In its first quarter of independence from Pfizer, Organon saw growth in biosimilars revenue; Sandoz' biosimilar portfolio has been touted as a growth driver amid talk of a spinoff from Novartis.
Organon, a Merck spinoff that officially started life in June 2021, reported $140 million in biosimilars revenue for the just-ended quarter, up 41% from the comparable 2020 third quarter. During the spinoff, Organon assumed Merck’s biosimilars portfolio and women’s health brand products, along with various other established brands.
In total, Organon had revenues of $1.6 billion in the quarter just ended, down 1% from the comparable year-ago quarter. Of that amount, net income from continuing operations was $323 million.
The company said results were in line with expectations. The double-digit growth in biosimilar revenue was driven by increased sales of the company’s infliximab product (Renflexis), which launched in 2017 and has seen sales growth in Canada in particular, Organon reported.
Ongoing sales of the trastuzumab biosimilar Ontruzant in the United States (launched July 2020) and Brazil were offset by sales declines in the European Union, which the company said were the result of competitive pressure and failure to maintain “tenders,” or contracts with health authorities in the European Union. Tenders are generally awarded through a competitive bidding process.
Organon, based in Jersey City, New Jersey, has a portfolio of more than 60 medicines and products. Eighty percent of its sales is derived from non-US sources. The company prefers to partner with originator drug companies to market their products, rather than developing its own. Organon has partnered with Samsung Bioepis (Republic of Korea) for the marketing of Renflexis, etanercept (Brenzys, Eticovo), bevacizumab (Aybintio), trastuzumab (Ontruzant), and adalimumab (Hadlima) biosimilars.
Although when it started life in June, Organon said it was not a research and development company, in tandem with its earnings announcement this week the company reported the acquisition of Forendo, a clinical-stage drug development company with a focus on novel medications for women’s health. “Forendo is pioneering the science of intracrinology, addressing disease through a novel, tissue-specific approach,” Organon said.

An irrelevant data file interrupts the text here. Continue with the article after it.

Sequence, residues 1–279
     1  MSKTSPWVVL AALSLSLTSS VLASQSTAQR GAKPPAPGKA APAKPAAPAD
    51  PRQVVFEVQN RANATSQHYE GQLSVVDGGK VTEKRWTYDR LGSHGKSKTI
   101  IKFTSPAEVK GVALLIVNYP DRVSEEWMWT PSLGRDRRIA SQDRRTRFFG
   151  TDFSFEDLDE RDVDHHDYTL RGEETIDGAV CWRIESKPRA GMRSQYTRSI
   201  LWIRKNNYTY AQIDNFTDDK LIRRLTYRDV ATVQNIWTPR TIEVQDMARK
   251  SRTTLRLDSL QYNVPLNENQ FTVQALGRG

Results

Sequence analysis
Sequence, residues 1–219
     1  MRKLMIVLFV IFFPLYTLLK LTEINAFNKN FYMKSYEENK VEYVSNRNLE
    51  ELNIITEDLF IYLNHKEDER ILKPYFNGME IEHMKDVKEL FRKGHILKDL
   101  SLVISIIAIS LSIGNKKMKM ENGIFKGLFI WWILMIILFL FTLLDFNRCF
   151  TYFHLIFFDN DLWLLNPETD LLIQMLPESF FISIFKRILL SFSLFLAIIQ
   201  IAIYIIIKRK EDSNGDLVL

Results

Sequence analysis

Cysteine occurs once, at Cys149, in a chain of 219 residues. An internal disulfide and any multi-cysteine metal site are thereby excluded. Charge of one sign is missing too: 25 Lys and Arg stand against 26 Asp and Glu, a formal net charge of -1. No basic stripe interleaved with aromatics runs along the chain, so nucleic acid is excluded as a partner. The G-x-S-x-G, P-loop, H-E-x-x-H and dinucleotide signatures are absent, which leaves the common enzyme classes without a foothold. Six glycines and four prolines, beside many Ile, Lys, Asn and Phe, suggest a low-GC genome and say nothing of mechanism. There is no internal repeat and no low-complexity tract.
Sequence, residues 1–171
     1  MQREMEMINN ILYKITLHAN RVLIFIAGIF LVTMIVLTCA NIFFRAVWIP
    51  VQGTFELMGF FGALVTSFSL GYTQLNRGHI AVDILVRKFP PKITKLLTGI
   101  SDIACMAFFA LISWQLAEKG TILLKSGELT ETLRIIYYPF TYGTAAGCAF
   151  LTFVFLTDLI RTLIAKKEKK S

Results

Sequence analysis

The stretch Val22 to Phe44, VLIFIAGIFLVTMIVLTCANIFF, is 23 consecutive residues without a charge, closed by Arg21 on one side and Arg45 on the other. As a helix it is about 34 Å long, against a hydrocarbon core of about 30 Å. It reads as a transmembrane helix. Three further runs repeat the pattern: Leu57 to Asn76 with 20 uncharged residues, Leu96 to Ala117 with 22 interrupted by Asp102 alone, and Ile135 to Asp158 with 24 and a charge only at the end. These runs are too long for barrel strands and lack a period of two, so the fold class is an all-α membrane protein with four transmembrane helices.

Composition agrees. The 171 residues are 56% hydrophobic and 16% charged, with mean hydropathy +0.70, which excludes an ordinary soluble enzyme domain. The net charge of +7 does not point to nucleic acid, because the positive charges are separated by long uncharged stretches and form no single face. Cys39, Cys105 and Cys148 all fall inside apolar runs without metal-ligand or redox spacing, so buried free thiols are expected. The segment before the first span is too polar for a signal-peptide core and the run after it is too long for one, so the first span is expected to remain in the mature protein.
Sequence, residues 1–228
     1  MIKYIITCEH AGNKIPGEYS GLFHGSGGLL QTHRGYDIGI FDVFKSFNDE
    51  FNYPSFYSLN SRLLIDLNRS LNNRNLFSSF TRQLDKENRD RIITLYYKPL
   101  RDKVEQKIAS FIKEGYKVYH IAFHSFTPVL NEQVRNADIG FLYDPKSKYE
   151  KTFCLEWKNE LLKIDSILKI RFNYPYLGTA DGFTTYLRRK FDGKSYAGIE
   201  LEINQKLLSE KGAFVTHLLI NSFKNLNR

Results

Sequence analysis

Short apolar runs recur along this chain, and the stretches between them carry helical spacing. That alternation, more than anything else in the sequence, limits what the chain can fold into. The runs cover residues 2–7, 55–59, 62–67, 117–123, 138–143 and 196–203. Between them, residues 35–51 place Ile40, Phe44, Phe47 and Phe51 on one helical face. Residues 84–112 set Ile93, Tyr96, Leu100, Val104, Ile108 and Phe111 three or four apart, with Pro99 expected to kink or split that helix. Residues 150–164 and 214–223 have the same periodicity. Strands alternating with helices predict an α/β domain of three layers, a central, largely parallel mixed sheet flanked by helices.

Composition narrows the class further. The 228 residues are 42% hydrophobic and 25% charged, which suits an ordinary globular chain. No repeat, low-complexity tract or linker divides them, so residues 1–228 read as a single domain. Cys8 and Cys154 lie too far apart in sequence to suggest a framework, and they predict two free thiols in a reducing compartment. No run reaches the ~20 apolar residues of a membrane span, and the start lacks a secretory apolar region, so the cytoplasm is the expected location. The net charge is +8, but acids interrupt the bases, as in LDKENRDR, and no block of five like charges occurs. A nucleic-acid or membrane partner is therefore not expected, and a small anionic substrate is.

The company’s lead pipeline product is a treatment for endometriosis, a chronic condition that affects 1 out of 10 women of reproductive age, causing abdominal pain. The disease is associated with infertility.
Decision Time for Novartis
Another potential spinoff is in the works. Novartis announced late last month that it was considering its options related to the Sandoz brand, which encompasses a broad generic medicines portfolio, a number of launched biosimilars, and a pipeline of new biosimilars under development.
The announcement came with the third-quarter earnings report for Novartis, which revealed continuing earnings pressure for Sandoz. Novartis reported net sales of $13 billion, up 6%, for the third quarter of 2021, vs $2.4 billion for Sandoz, down 1%. With that announcement, Novartis said it had commenced a “strategic review” of its Sandoz holdings.
“We had stated that we wanted to create a more autonomous Sandoz within Novartis that would give us the optionality to ultimately determine whether Sandoz is best owned by Novartis or by our shareholders or another party,” Vas Narasimhan, CEO, stated in the company’s third quarter earnings call.
“We think Sandoz is well placed to capitalize on its growth drivers over the next decade, and we think Sandoz is also well placed to really be a leader in the next wave of biosimilars launches,” Narasimhan said.
He touted the division’s biosimilars pipeline of 15 product candidates, which he said could potentially achieve $3 billion in sales by 2025 and $5 billion by 2030. A completion of the strategic review is anticipated prior to the end of 2022.
Sandoz has 8 biosimilars launched globally: Omnitrope (somatropin; endocrinology), Erelzi (etanercept; rheumatology, dermatology), binocrit (epoetin alfa; oncology), Zarzio (filgrastim; oncology), Ziextenzo (pegfilgrastim; oncology), Rixathon (rituximab; oncology), Hyrimoz (adalimumab; rheumatology, gastroenterology, dermatology), and Zessly (infliximab; rheumatology, gastroenterology, dermatology).
In its earnings presentation, Novartis predicted a compound annual growth rate of 9% for its biosimilars portfolio and boasted that its biosimilars held global leadership shares. The company expects to launch 6 biosimilars in the United States and European Union “over the next few years,” which Richard Saynor, CEO of Sandoz, said would “start rapidly accelerating our business.”
Narasimhan said he believes that increasing interest in biosimilars in the United States will put a tail wind on Sandoz’ attempts to launch these products. “I think it’s a tremendous opportunity for the Sandoz business,” he said.